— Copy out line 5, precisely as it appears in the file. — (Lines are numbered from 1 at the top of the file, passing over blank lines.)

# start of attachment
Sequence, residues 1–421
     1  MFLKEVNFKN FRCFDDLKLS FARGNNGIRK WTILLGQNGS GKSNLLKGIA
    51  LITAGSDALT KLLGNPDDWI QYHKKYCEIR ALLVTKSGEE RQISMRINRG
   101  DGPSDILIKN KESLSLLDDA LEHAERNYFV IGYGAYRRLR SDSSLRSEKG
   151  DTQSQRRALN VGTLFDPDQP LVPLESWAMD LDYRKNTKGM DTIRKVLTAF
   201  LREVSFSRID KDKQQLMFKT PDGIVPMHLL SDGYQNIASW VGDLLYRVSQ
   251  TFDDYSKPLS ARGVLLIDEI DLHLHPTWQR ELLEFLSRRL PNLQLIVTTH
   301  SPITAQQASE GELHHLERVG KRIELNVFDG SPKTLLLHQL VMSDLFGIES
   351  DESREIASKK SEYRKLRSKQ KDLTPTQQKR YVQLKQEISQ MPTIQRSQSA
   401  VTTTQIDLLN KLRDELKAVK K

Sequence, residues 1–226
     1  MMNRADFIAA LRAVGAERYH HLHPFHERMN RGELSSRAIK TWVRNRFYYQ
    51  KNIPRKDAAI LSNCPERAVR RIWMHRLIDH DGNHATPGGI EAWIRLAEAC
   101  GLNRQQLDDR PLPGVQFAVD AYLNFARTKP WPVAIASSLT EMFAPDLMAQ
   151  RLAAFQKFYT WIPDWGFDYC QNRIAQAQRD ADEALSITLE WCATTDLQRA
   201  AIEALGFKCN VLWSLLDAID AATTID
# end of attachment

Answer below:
   151  DTQSQRRALN VGTLFDPDQP LVPLESWAMD LDYRKNTKGM DTIRKVLTAF